Wireless No Match for Hard-Wired Networks in the Home

January 2004

Many wireless solutions on the market meet specific needs such as wireless telephones, wireless speakers, single-channel video transmitters and wireless computer networks. However, wireless devices just don't measure up when compared to a hard-wired communications network in the home. Wire-based systems can actually cost less, while providing more bandwidth and far greater flexibility.

Wired Network

Despite the many advances in wireless technologies, users are still forced to make choices. Many wireless devices interfere with each other and can't coexist within a home. Virtually all the wireless systems on the market, despite their cost, only support transmission speeds at the low end of the spectrum. By comparison, systems that use Category 5e data wiring and RG-6 video wiring easily support more than 10 times the speeds of wireless systems.

There may be specific applications for which wireless makes sense. You may want to reach a set of speakers in your backyard or on the deck. Or, when a speedy connection is not a priority, you may want to unwire your laptop to surf the net in bed or in your favorite lounge chair. These wireless connections can be built on top of the wired networks.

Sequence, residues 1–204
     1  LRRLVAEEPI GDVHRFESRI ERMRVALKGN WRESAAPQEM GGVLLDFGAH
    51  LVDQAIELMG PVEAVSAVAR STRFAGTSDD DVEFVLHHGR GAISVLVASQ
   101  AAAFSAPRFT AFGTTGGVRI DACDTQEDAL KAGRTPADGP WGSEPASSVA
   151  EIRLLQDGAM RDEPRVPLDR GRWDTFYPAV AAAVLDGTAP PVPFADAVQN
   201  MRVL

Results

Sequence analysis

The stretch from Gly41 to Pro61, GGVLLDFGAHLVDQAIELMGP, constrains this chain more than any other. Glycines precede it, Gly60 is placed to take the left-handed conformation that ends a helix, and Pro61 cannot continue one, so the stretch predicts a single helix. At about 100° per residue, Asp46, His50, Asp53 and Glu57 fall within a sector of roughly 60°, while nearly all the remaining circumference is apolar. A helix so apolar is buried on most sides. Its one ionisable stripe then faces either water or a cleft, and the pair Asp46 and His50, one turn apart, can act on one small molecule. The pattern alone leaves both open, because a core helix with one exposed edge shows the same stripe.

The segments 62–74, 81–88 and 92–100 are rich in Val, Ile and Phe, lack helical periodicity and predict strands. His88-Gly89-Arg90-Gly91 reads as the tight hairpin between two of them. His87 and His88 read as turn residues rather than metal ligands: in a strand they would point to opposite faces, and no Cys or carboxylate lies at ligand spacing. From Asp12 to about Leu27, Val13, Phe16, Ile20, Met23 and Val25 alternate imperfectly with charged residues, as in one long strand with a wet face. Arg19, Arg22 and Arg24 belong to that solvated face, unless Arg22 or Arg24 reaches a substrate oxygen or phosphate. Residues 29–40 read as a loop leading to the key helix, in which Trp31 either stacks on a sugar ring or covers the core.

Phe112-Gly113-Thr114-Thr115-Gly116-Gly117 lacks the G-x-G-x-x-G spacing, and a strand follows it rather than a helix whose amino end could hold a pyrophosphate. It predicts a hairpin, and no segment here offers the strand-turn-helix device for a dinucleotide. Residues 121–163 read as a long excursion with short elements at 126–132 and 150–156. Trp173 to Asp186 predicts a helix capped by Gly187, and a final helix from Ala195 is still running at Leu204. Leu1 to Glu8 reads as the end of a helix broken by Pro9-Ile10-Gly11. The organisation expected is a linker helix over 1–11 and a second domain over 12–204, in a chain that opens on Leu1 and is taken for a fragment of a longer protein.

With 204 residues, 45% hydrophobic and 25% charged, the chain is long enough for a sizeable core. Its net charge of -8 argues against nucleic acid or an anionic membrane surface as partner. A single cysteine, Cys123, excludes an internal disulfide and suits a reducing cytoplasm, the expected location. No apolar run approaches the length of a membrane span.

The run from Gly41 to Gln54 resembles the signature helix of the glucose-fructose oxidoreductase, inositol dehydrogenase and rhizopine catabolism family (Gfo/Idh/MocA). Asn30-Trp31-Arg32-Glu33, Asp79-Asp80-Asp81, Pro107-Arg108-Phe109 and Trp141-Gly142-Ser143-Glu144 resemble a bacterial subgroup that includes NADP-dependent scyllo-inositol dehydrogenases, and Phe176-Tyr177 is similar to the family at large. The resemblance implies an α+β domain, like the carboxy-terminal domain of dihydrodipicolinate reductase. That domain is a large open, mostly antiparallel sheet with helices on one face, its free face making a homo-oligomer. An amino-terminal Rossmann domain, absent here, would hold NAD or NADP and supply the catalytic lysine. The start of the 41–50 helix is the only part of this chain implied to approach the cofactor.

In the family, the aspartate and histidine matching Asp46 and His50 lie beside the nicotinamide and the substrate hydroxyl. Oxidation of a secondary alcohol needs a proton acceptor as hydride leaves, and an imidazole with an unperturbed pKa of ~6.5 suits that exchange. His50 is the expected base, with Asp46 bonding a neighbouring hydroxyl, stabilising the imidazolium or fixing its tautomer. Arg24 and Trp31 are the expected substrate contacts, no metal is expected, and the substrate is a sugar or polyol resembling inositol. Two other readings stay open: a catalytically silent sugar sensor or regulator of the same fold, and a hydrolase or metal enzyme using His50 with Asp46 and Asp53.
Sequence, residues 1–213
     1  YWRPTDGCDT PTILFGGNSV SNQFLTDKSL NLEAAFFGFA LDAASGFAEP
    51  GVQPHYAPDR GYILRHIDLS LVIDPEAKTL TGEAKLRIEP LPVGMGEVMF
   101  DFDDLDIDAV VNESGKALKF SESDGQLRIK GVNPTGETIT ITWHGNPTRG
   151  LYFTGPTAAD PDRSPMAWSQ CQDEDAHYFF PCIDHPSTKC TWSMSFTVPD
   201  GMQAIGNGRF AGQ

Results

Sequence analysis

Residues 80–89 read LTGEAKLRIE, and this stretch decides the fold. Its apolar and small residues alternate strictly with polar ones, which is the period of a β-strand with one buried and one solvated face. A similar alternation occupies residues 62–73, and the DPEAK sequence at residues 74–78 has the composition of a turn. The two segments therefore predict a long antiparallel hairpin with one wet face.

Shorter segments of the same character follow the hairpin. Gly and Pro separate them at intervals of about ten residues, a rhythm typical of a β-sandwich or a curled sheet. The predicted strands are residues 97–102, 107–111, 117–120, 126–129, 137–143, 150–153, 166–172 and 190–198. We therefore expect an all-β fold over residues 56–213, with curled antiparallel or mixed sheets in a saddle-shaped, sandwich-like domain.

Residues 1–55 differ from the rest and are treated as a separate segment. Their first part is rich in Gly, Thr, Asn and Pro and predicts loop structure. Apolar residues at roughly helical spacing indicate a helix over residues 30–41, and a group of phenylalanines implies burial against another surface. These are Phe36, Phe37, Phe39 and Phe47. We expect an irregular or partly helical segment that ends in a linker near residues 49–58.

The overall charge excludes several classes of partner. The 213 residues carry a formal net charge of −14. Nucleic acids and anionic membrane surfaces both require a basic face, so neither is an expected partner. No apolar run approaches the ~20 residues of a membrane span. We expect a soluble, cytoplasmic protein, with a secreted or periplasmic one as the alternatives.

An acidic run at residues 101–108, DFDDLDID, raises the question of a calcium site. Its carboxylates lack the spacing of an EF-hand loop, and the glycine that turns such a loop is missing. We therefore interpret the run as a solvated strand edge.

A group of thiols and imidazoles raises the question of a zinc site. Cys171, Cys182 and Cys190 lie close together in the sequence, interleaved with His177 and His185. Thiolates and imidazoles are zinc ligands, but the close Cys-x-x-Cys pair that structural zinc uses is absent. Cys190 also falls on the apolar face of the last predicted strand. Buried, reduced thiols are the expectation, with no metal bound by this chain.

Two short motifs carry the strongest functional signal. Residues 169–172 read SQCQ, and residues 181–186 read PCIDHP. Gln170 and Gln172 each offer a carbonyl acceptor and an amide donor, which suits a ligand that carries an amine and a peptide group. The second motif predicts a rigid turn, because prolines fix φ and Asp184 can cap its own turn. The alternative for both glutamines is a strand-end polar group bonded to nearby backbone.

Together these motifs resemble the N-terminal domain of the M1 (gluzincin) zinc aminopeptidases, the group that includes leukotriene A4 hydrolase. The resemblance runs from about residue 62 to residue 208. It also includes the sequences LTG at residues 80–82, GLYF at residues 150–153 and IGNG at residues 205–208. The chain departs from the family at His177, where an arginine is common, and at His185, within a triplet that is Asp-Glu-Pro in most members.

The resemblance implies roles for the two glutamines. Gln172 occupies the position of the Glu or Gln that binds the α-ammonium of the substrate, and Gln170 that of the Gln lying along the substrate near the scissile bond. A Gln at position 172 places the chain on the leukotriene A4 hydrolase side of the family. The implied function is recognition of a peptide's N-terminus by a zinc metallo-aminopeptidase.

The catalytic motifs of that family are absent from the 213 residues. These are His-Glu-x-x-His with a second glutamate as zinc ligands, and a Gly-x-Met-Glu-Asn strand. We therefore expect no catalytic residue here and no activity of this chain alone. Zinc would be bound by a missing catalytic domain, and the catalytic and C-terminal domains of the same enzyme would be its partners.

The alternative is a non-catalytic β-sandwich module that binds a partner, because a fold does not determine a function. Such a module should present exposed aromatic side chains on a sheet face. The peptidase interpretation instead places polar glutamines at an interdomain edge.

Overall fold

In fact, most wireless systems require some wiring to be installed in order to work. For example, cordless phones require hard-wired telephone jacks for the base units. Even wireless networks need wiring to connect to broadband modems and the public network outside the house.

A wired system nearly always provides higher bandwidth capability, higher security, more reliability and more flexibility than a wireless system, and it is simply more robust. Higher bandwidth allows faster transmission speeds for data applications and more channels for video applications.

Electronic devices such as LAN cards, phones and video receivers need to be upgraded or replaced periodically, such as when they break or become obsolete because of newer technology. The wireless versions of these devices are more expensive than hard-wired versions, making a wired system relatively less expensive over the life of the home.

Another consideration is that wireless systems used to transmit sensitive personal information can be easily accessed by anyone nearby with a similar type receiver. Additionally, wireless systems are far more vulnerable to interference from other devices and systems, which results in poor performance.

Many people have come to depend on wireless cell phones for instant communications wherever and whenever we need it (at least in most places, most of the time). But your home's not going anywhere, so why compromise on the superior quality of a hard-wired system?

Getting Started

If you are thinking about installing a network in your home, a hard-wired network should be your first choice. A new educational CD-ROM, " Structured Wiring for Today's Homes," is available free on request from the Copper Development Association. TOP